What are the trends you have observed in the blockchain technology space?
The blockchain is not ideal for every application, and I see most current applications being very much consumer focused. This year, I believe, the latest crop of ICOs (including Cryptyk) and blockchain technology will be very much enterprise-focused. From a customer and utility point of view, enterprises seem to be the real big adopters. I am yet to see any blockchain technology that has a high level of utility—I think Bitcoin failed in its utility because it never solved the merchant adoption problem. Being a consumer-facing product, the whole point was to have fast, cheap banking transactions. However, there was no real incentive for merchants to offer Bitcoin payments. Another problem with that was that most banks outside of America and Africa were already fast and cheap. So, while speculation has driven crypto-currency prices up, there are very few of these currencies where utility is in step with price. Ethereum has got more utility and more long-term upside than Bitcoin; however, market speculation is still the main driver of price.
How have you addressed these challenges with Cryptyk?
Every customer we get pays for file storage and cyber-security services in our tokens. Even if they pay in USD, it gets converted into our tokens via a market exchange and funds for our services. We have structured it this way so that every time we get a customer, it increases the market demand for our tokens thereby increasing their value. Hence customer participation and use will drive our token value rather than market sentiment. Furthermore, our tokens serve a functional purpose by powering numerous encryption and authorization processes that are permanently recorded on the blockchain. We have also built an enterprise-class security and storage solution that can also be used affordably by individuals.
Cryptyk is the only single vendor security and storage solution that protects against external, internal, viral and operational threats
Every time a file is shared with a new individual, they receive a free cloud storage account. Consequently, customer adoption can further benefit from the network effect of file sharing between enterprises and their customers. Ultimately the long-term value of our token will be a direct reflection of the success of our product.
Tell us more about your platform and how it addresses security issues?
Our encrypted, decentralized multi-cloud storage platform is called Vault. When uploading, we take a file, encrypt it and then divide it into five different pieces. Each of these pieces is encoded a second time and stored with a different cloud storage provider such as Google, Amazon, IBM, Box, and DropBox. Every file has six encryption keys which are only stored on the user’s device and not on the cloud. If a hacker manages to steal our users' data from any of these five platforms, they have to break two levels of encryption and even if they do that, they only get a useless one-fifth of any file.This platform is also immune to viruses and ransomware because, if uploaded to our cloud storage account, the virus is divided into five different pieces that don't know where each other piece is, so they can never execute. We also have a level of RAID (redundant array of independent disks) architecture built in; so even if one of the five cloud providers goes down, we can still retrieve a file from the remaining four. Hence Vault is passively immune to external, viral and operational threats. We integrate the Vault platform with another decentralized platform called Sentry which is used to manage internal security threats for enterprise. Sentry leverages the immutable nature of the blockchain to act as a permanent, immutable record of all user access and file sharing activities. The advantage of not storing files on the blockchain, as several companies such as Filecoin are trying to do, is that the access latency is less than 200 milliseconds. This is fast enough for real-time collaborative applications, whereas blockchain file storage platforms have an access latency greater than 30 seconds so can only be used for backup applications.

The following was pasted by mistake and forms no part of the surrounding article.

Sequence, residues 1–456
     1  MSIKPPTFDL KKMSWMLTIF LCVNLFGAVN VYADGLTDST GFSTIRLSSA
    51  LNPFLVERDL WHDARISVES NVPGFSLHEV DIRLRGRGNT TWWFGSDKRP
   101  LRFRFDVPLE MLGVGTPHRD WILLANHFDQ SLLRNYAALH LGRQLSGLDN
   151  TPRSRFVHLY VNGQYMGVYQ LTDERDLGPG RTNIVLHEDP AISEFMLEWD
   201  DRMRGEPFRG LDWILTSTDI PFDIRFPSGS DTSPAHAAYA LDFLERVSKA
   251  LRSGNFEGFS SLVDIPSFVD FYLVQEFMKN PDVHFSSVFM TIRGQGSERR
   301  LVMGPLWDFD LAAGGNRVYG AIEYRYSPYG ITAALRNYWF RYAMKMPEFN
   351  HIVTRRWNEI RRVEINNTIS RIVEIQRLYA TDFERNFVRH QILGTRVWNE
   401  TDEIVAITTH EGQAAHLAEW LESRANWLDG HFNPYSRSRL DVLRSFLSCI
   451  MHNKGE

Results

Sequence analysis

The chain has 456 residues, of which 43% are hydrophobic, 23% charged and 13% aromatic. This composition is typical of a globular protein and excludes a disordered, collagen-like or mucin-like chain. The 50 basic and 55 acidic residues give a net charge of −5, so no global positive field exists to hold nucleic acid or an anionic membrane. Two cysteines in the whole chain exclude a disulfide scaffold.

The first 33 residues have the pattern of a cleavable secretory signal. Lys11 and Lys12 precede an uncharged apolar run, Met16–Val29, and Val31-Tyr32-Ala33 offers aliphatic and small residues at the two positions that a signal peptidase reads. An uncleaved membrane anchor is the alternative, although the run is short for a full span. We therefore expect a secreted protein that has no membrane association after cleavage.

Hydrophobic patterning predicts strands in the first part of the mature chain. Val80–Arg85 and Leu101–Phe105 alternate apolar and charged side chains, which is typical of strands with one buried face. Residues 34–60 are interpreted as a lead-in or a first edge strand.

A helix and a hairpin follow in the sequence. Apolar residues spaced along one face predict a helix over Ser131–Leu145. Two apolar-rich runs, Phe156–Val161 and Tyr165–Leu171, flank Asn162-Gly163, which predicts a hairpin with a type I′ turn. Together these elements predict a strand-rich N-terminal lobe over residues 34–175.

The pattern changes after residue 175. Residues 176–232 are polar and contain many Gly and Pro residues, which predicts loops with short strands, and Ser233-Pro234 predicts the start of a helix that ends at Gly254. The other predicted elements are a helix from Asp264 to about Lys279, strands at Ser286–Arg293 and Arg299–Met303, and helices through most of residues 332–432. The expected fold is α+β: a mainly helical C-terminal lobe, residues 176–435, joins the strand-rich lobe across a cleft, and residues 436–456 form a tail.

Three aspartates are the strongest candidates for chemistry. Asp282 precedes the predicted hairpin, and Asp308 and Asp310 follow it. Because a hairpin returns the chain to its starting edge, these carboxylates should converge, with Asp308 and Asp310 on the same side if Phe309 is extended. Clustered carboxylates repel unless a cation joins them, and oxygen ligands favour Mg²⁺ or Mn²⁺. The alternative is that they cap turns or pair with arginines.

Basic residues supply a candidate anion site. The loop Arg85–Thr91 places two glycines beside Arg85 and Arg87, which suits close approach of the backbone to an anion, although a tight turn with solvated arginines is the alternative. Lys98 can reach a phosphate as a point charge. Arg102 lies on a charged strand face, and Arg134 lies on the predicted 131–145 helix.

To help our readers gain a better insight into your solution, could you share a case study?
Our final product will not be ready until Q1 next year; however, several partner customers participated in the Beta phase trial of our prototype and gave valuable feedback. For example, a credit union with a thousand employees, of which, a hundred are IT staff want to share account statements and PIN numbers via their own file sharing system online, rather than sending them out via snail mail. With Vault, all our clients’ employees get a terabyte of storage, and in turn, their customers get a free two-gigabyte account that is very secure and can be used to share account statements and PIN numbers. At the moment, they are spending $50 per employee on cloud storage and cyber-security products that can’t be used with their 250,000 customers. Vault comes as a significant benefit as we charge them $30 per employee and they get to offer their customers a vastly improved service. They can also achieve significant savings in IT staff by using a storage platform that is passively immune to viruses.
What does the future look like for Cryptyk?
First, we want to complete our ICO; we are almost halfway through it. Then we will ramp up product development and start delivering our SaaS product to customers in Q1 2019. We also want to partner with enterprise software companies to develop plugins into our platform. We want to be the industry standard for secure storage; when enterprises save data, we want them to save it on Cryptyk.